Inositol 1,4,5-trisphosphate receptor (Itpr) is the primary cytosolic target responsible for the initiation of intracellular calcium (Ca2+) signaling. To fulfill this function, the Itpr depends on interaction with accessory subunits and regulatory proteins. Specific interactions between these modulatory proteins and the Itpr have been described, making it clear that the controlled modulation of the Itpr by its binding partners is necessary for physiological cell regulation. The functional coupling of these modulators with the Itpr can control apoptosis, intracellular pH, the initiation and regulation of neuronal Ca2+ signaling, exocytosis, and gene expression. The pathophysiological relevance of Itpr modulation is apparent when the functional interaction of these proteins is enhanced or abolished by mutation or overexpression. The subsequent deregulation of the Itpr leads to pathological changes in Ca2+ signaling, signal initiation, the amplitude and frequency of Ca2+ signals, and the duration of the Ca2+ elevation. Consequences of this deregulation include abnormal growth and apoptosis1.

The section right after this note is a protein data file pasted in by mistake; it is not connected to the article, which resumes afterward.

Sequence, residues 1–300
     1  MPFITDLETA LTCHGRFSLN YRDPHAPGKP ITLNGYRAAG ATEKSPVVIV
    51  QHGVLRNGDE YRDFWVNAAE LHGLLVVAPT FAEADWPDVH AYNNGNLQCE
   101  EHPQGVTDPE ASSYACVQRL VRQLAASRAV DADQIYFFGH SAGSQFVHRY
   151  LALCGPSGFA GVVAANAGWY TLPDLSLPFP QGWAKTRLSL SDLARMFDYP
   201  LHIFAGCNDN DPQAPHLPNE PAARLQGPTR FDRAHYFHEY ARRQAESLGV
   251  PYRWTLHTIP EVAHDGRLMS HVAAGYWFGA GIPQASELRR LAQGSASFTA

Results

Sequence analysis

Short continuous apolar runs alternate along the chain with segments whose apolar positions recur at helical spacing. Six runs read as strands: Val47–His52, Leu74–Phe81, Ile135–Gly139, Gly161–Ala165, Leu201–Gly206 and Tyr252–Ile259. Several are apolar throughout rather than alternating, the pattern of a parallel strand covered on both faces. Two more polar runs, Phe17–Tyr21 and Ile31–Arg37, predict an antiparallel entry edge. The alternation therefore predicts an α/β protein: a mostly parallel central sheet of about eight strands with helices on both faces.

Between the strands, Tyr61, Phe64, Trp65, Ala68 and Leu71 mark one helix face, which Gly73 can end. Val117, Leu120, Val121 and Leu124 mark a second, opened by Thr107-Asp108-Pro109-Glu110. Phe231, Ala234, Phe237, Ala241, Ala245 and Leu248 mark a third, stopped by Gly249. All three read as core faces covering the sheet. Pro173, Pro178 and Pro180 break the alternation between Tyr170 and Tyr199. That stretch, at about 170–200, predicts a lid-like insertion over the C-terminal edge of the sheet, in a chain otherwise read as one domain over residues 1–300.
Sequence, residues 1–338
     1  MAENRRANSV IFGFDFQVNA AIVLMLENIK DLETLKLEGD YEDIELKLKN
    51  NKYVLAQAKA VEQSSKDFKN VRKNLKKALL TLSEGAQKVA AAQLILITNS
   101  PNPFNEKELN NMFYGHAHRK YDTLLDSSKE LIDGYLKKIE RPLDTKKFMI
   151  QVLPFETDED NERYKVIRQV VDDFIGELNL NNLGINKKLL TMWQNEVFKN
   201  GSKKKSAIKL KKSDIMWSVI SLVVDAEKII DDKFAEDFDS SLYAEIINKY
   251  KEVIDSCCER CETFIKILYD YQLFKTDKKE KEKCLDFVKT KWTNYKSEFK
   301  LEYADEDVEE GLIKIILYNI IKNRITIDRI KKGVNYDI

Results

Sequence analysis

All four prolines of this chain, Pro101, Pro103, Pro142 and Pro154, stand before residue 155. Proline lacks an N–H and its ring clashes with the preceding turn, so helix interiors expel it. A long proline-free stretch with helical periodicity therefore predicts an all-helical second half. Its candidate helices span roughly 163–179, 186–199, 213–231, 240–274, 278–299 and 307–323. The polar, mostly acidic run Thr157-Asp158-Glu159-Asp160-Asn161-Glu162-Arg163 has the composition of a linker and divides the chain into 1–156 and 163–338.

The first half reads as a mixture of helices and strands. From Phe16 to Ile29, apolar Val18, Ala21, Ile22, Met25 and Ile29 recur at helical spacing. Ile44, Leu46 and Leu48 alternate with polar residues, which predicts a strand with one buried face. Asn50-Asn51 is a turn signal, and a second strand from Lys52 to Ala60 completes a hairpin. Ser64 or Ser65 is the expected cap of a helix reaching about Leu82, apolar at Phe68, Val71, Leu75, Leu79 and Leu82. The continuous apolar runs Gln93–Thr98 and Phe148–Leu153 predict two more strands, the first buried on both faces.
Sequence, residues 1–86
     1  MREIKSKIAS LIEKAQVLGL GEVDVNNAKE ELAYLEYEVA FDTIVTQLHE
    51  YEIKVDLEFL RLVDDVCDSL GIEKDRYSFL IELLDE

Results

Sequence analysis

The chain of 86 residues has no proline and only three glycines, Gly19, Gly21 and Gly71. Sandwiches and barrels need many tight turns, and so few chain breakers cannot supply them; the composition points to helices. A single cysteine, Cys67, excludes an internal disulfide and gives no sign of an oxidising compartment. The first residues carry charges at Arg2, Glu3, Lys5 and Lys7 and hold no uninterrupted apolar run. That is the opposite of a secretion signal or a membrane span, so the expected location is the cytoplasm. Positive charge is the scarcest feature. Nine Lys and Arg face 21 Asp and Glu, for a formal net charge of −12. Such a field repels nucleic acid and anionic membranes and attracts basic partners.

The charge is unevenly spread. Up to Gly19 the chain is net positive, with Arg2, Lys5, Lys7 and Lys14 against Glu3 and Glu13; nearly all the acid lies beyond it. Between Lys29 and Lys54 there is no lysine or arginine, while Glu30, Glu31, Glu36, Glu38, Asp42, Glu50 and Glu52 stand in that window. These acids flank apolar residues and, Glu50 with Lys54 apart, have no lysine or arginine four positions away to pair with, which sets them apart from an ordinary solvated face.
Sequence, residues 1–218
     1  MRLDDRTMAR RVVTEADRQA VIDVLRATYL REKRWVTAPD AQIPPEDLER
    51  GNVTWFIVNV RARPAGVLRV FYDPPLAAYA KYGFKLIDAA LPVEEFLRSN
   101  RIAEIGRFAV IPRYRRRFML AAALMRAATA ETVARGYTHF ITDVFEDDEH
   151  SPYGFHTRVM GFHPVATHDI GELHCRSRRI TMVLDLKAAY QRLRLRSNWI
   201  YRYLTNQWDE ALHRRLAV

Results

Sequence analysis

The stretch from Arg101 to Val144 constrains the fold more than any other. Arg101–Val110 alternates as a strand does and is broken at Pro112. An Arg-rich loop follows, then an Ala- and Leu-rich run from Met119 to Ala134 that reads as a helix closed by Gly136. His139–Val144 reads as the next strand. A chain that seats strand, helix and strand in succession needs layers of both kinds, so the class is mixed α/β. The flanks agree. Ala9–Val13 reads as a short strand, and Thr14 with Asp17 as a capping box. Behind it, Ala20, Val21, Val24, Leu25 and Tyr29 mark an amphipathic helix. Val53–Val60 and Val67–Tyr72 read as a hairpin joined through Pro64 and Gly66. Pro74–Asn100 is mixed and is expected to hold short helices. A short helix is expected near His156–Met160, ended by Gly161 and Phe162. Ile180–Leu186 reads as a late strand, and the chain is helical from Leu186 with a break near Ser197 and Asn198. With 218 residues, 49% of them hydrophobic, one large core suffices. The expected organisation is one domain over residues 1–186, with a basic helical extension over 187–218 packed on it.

Itpr was identified in chromosome 20, localization 20p12, geneID 25679, and participates of the pathway phosphatidylinositol signaling system. The amplitude, frequency, and sub cellular localization of Ca2+ signals play an important role in determining cellular responses. Itpr´s require the second messenger inositol 1,4,5-trisphosphate (IP3) for activation but they are also regulated physiologically via cross-talk with other signaling pathways. Among the signaling pathways that modulate Itpr function are those involving kinases and phosphatases. The Itpr3 acts as a messenger for inositol triphosphate, mediating the pathway signalling of calcium, this why isoform Itpr3 loses feedback of inhibition with cytosol calcium2. However, has evidence that the calcium increases the sensitivity of the Itpr3 in unbroken cells and supports the concept that this isoform can act as a target for signaling calcium (hormone-induced)3.